26 ALEXANDER'S CAMPAIGN IN THE PANJAB [Chap. I
Nandana figures repeatedly in the accounts of the successive campaigns which carried the great conqueror Sultan Mahmûd of Ghazna from eastern Afghanistan into the plains of the Panjab. Its position is clearly indicated by the events in connexion with which it is mentioned. These leave no doubt about its having been an important stronghold of the last rulers of the Hindu Shahiya dynasty, after it had been forced to retreat to the extreme north-west of the Panjâb from its former possessions west of the Indus.4 Without going into such references to Nandana as occur in the often confused accounts of Mahmûd of Ghazna's campaigns given by later Muhammadan chronicles,5 I may confine myself here to those notices which at present can be checked in critically made extracts from contemporary sources as presented by Dr. Muhammad Nazim in his Mahmûd of Ghazna.
Thus we are told of Sultan Mahmûd that, intending to crush the power of the Shahi ruler Trilocanapala in the Salt Range, he set out in March, A.D. 1014, `and marched to Nandana which, situated on the southern spur of the Salt Range, commanded the main route into the Ganges Doab'.s I shall have occasion farther on, when describing the ruins of Nandana, to discuss the details recorded as to the brave defence offered' by Bhimapala Shahi, the king's son, in the `strong position between two hills at the junction of which the fort was situated'. The account tells us how, after prolonged fighting beyond the upper entrance of the pass, the Hindu defenders were driven back into the fort, and this was besieged and ultimately taken by the Sultan. The importance attaching to the route thus opened is attested by the special mention made of the Muhammadan commander to whom Mahmûd entrusted Nandana when he returned to Ghazna after having pursued the fugitive Hindu king into the mountains south of Kashmir.' An earlier notice, relating to an attempted invasion made A.D. 991 from the east by the ruler of Lahore, gives Nandana as the name of a whole district adjacent to Jhelum, and thus helps to bring out the importance of the place and of the route past it.8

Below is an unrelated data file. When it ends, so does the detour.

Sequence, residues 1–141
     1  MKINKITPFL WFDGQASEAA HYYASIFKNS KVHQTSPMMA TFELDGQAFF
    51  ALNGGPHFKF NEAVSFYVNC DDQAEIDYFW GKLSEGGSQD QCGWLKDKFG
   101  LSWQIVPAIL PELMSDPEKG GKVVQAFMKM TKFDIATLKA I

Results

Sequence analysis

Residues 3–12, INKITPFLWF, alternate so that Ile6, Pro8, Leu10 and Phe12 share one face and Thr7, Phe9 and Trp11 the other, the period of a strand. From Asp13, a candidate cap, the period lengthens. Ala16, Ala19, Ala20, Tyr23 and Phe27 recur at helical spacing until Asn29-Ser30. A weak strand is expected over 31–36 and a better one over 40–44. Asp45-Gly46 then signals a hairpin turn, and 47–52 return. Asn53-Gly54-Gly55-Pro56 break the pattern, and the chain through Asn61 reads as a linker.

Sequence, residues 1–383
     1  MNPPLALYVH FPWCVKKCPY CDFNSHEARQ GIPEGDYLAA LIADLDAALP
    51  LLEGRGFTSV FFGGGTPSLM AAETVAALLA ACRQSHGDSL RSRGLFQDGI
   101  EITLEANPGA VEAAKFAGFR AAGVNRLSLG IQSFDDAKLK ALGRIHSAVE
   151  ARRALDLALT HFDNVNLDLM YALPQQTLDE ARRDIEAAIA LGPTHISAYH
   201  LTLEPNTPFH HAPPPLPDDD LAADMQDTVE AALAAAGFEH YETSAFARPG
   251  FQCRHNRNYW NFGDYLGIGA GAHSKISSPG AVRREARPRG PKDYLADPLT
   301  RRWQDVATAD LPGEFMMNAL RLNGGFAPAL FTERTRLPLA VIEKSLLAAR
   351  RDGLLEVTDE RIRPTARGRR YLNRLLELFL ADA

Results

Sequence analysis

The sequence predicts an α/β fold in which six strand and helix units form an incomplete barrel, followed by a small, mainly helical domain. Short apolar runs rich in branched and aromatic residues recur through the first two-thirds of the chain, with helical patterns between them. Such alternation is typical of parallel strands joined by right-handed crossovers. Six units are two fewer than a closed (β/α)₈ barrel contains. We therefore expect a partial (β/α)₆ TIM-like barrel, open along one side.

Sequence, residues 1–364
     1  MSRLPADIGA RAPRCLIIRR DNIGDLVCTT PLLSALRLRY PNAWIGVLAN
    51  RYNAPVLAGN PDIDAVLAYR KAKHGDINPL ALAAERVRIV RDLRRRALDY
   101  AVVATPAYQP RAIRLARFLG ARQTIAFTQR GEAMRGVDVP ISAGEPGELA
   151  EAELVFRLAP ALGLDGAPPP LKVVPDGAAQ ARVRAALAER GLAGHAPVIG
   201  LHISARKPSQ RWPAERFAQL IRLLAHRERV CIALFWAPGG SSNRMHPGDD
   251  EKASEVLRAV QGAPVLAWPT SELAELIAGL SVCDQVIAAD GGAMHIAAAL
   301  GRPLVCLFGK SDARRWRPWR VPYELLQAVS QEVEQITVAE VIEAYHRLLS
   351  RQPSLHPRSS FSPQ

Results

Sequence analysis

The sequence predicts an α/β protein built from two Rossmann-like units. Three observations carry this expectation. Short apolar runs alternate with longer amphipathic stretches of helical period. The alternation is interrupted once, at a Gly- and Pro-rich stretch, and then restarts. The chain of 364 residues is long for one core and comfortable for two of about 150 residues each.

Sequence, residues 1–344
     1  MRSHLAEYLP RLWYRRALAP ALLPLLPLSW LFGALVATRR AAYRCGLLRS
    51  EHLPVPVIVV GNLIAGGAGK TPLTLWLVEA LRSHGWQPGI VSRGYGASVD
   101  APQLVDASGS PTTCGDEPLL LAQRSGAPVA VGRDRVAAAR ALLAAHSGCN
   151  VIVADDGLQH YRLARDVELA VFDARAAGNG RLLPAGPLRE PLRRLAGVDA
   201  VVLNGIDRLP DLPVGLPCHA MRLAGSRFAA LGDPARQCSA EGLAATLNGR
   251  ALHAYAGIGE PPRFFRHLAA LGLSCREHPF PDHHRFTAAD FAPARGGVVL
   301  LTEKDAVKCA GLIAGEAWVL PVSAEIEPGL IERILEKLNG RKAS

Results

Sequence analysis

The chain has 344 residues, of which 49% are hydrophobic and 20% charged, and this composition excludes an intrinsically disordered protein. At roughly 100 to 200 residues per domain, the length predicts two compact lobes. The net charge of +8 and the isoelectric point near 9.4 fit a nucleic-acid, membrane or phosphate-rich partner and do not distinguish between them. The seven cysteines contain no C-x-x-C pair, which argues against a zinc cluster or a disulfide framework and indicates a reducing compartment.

In the following section I shall describe the interesting observations, archaeological and topographical, which our survey of the Nandana fort and its surroundings yielded. Here I may turn at once to the very useful indications which
4 I have discussed the interesting historical notices concerning the `Hindu Shahiya dynasty' to be gathered from Albérûni's Târikh-al-Hind and Kalhana's Kashmir Chronicle in my paper 'Zur Geschichte der Çahis von Kabul', contributed to the Festgruss an Rudolf von Roth ( Stuttgart, 1893), pp. 198 sqq. Cf. also Rajataraingini, transi., my notes on v. 152-5; vii. 47-69.
5 See, for such accounts, Elliot, The History of
India, as told by its own Historians, ii. pp. 434 sqq.
6 Cf. Mahmûd of Gbazna, p. 91.
7 See ibid., p. 93.
8 Cf. ibid., p. 195. References to Nandana in connexion with events of the thirteenth century are quoted by Mr. W. S. Talbot, Gazetteer of the Jhelum District, p. 47, from Duff, Chronology of India, i. p. 536, and Raverty's Tabagât-i-Nrrsirz, p. 539.